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Economic Recovery in 2025: Trust, and Also Verify

By ITR Economics on July 7, 2023

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ITR Economics

ITR Economics is the oldest, privately-held, continuously operating, economic research and consulting firm in the US.

Our clients and audiences generally trust our forecast for a recession in the US industrial sector beginning in the second half of 2023 and GDP weakness next year. However, some have recently expressed less confidence about our outlook for economic rise in 2025.

First, we acknowledge risks to our forecast for industrial sector and macroeconomic rise in 2025.

  • The clearest risk is the potential that the Federal Reserve could delay relieving some of the interest rate pressure that it imposed via rapid hikes to the federal funds target rate in 2022 and into this year.
  • We are watching the 10-year to 3-month US Treasury yield curve. If the currently inverted curve – with 3-month Treasurys commanding a higher yield than 10-year government bonds – reverts to normal status by around the end of this year or the first quarter of 2024, then we will have a key signal from the bond market that our forecast is on track.
  • Our research reveals that past inversions of the yield curve of 100 basis points or greater have resolved within about one to two quarters following a corresponding peak in the federal funds target rate.
  • Therefore, Fed Chair Jerome Powell’s recent comments about a couple more 25-basis-point lifts this year do not immediately threaten our forecast for economic rise in 2025.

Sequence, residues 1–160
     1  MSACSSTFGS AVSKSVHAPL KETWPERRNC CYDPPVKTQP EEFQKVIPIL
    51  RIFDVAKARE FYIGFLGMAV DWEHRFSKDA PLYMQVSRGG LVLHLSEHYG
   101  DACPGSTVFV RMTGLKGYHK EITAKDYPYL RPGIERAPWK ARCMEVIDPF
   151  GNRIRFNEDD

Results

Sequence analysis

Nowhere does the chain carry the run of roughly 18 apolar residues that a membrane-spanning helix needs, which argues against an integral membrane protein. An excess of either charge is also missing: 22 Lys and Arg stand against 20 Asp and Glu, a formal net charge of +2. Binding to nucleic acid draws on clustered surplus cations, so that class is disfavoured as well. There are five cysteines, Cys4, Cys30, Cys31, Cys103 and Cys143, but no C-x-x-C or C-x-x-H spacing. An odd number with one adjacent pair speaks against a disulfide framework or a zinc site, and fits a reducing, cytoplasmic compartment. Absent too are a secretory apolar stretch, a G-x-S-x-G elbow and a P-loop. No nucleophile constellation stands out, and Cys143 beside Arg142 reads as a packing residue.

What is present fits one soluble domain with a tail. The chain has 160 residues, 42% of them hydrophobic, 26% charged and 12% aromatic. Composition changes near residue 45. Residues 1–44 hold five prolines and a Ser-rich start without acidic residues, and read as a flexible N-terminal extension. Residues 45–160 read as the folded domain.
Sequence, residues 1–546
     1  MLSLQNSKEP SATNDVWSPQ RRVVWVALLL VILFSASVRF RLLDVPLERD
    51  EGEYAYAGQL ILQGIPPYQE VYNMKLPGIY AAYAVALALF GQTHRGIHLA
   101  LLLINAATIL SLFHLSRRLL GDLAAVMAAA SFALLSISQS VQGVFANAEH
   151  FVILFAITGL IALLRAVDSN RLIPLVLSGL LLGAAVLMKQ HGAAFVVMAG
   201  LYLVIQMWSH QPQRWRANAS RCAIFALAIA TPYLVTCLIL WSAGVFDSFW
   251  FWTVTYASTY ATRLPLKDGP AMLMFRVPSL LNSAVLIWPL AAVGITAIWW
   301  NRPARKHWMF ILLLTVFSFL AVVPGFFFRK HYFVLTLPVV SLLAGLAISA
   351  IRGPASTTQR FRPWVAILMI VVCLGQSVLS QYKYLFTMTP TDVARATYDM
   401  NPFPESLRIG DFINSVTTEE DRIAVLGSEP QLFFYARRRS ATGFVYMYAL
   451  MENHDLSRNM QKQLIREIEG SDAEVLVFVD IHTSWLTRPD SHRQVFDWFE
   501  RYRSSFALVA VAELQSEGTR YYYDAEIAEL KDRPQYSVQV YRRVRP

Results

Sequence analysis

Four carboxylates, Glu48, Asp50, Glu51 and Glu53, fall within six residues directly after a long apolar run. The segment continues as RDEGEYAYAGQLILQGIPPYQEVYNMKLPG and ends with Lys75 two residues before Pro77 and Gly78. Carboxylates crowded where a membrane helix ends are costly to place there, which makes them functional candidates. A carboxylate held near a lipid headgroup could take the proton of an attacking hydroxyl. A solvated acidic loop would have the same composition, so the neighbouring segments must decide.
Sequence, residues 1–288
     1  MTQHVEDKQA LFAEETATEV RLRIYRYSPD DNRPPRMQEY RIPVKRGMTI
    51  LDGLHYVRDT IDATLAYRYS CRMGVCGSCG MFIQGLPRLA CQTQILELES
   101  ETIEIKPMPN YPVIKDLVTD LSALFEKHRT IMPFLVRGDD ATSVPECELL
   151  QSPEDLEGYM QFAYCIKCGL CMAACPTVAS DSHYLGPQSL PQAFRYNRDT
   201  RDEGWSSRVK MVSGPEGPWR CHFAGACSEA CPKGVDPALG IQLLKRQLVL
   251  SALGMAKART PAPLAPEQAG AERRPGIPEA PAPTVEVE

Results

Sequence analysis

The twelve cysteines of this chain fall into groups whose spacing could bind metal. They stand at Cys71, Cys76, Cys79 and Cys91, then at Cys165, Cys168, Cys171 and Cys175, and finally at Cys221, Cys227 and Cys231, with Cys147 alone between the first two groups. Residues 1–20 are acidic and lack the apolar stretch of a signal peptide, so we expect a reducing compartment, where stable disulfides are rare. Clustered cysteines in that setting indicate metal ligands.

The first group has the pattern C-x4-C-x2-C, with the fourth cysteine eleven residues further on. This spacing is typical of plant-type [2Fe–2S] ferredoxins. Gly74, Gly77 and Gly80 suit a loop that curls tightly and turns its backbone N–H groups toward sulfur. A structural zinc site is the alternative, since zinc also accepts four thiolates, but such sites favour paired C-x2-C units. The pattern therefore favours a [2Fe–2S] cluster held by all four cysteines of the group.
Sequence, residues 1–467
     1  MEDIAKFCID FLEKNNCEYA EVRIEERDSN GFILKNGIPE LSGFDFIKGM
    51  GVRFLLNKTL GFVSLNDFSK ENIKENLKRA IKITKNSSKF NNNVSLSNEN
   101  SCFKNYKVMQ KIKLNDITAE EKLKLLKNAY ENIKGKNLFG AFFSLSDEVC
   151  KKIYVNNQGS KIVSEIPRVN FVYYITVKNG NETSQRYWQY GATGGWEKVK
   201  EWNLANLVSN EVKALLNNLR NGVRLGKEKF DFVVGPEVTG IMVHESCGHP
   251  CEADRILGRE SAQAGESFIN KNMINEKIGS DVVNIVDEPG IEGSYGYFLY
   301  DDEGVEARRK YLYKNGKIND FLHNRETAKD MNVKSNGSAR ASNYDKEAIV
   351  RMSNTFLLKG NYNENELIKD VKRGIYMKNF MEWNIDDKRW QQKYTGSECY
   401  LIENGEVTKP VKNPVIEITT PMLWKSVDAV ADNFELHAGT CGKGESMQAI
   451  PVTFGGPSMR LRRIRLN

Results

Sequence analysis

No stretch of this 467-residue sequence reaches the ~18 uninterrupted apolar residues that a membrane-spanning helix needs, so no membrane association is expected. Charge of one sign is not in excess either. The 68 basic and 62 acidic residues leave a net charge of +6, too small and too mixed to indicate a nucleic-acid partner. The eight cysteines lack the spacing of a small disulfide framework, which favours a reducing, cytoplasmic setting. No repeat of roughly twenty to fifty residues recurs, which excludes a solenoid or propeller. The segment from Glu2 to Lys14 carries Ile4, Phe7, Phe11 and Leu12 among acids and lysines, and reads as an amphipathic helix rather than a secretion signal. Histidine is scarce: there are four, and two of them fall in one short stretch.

• If the Fed is still raising rates in 2024, or keeping them high, then we may have a problem.
  • Follow along with our Fed Watch series. Watch for the Fed to begin exhibiting consistently more dovish behavior. Specifically, we are watching for cuts to the federal funds target rate by the end of this year.

Second, we are seeing some green shoots that bode well for a future general rising trend:

  • An upturn in the residential construction market this year would bode well for an industrial sector recovery starting by the end of next year, as the former leads the latter by close to a year.
  • Some recent improvements in housing affordability – as measured by the confluence of mortgage rates, housing prices, and earnings, as well as average new home size – bode well for improvement in residential construction.
  • The M2 (delated) measure of the money supply is showing some tentative signs of abating in its contraction. The indications are not yet statistically significant, but a reversal is worth watching for and would be an encouraging sign for 2025.

Third, if you knew that next year’s recession would extend into 2025, what would you be doing differently today?

  • We surmise that you would, at least for now, be planning for the downturn in the same way.
  • If the downside risks come to fruition and set up the recession to ultimately push past year-end 2024, we will know well before then and will be sure to inform you.

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